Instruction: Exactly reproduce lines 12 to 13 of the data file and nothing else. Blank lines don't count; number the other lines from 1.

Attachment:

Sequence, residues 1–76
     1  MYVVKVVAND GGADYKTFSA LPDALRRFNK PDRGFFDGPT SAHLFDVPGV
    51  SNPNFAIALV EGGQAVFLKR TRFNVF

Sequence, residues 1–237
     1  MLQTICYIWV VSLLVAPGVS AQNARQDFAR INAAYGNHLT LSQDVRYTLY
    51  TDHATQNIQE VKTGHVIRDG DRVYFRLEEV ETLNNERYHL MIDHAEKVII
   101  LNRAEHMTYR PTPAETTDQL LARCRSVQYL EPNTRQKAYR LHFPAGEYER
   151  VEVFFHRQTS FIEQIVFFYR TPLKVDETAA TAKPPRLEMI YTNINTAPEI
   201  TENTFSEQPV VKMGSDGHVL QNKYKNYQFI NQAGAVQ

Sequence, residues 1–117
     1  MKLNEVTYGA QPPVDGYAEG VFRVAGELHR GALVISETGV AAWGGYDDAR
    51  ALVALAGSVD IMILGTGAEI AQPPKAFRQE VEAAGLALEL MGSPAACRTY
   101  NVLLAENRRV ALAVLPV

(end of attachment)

    51  ALVALAGSVD IMILGTGAEI AQPPKAFRQE VEAAGLALEL MGSPAACRTY
   101  NVLLAENRRV ALAVLPV